I didn’t know that last week

1. Ask the students to remember the events of last week.
2. Tell them to write down the things they didn’t know that were at that moment, would happen, and had happened before, e.g.: Last week I didn’t know that I was pregnant / would marry this summer / had met my future husband.

New rules

1. Divide the class in groups of four. Each group is to create a rule to be followed in their conversation, e.g.: Nobody is allowed to speak before he has scratched his head.
2. Each group gets a topic to discuss and sends one spy to another group. His task is to find out a rule.
3. Each member of the group must speak 3 times in turn upon the topic obeying the rule of his group. Then a spy goes to a different group and so on until he returns to his own and tells his observations.

Finishing conditional sentences

1. Give a sentence using the first conditional, describing one of a number of possible variations, preferably based on personal taste. For example: If I go to France this summer I will visit ... the Eiffel Tower. If I had a million dollars I would buy ... a luxury yacht.
2. Invite students to express their own variations: If I go to France this summer, I will visit the Eiffel Tower. If I go to France this summer, I will visit the Louvre. If I go to France this summer, I will visit the Opera.
3. If the activity is done in full class, students may later try to recall what other students' variations were: If I go to France this summer, I will visit… If feel very hungry this evening, will eat... If I have time next weekend, I will go to… If I have to write a story for homework, I will write about... If you come to my home, you will see ... If I go away on holiday this year ... If I lose all my money... If we get too much homework ... If my friend gets into trouble ... If we finish early today ... I'll eat my hat if ... This school will have to close if ... We will all be very happy if ... I will be rather disappointed if ... Will you help me if …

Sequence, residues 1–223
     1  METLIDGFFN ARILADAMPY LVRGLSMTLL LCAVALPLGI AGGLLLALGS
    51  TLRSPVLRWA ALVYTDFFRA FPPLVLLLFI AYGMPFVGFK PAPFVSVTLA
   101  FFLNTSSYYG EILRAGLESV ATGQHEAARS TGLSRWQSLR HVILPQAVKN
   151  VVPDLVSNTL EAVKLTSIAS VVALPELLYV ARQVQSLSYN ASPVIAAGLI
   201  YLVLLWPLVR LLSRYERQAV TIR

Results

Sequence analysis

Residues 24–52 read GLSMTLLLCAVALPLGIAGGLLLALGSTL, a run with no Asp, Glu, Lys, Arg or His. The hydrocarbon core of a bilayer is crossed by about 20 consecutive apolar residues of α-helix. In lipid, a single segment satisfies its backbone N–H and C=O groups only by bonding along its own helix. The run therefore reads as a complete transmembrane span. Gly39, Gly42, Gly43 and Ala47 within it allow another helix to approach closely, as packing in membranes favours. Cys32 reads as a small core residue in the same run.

Random dictionary

1. You need an English monolingual dictionary. You ask the stu­dents to call out any number which falls between the first and last page (e.g. 251). You turn to the page named, then ask for any number between 1 and 20 (e.g. 15). You now look up the fif­teenth headword on the page. If this turns out to be a function word (e.g. a preposition), the next content word on the page (preferably a noun or a verb) is taken. The students write this word down. The procedure is then repeated five times. All students should now have five words chosen at random from the dictionary.
2. They now form groups of four. Each group is to use the words to work out a story line which can be acted as a sketch for another group.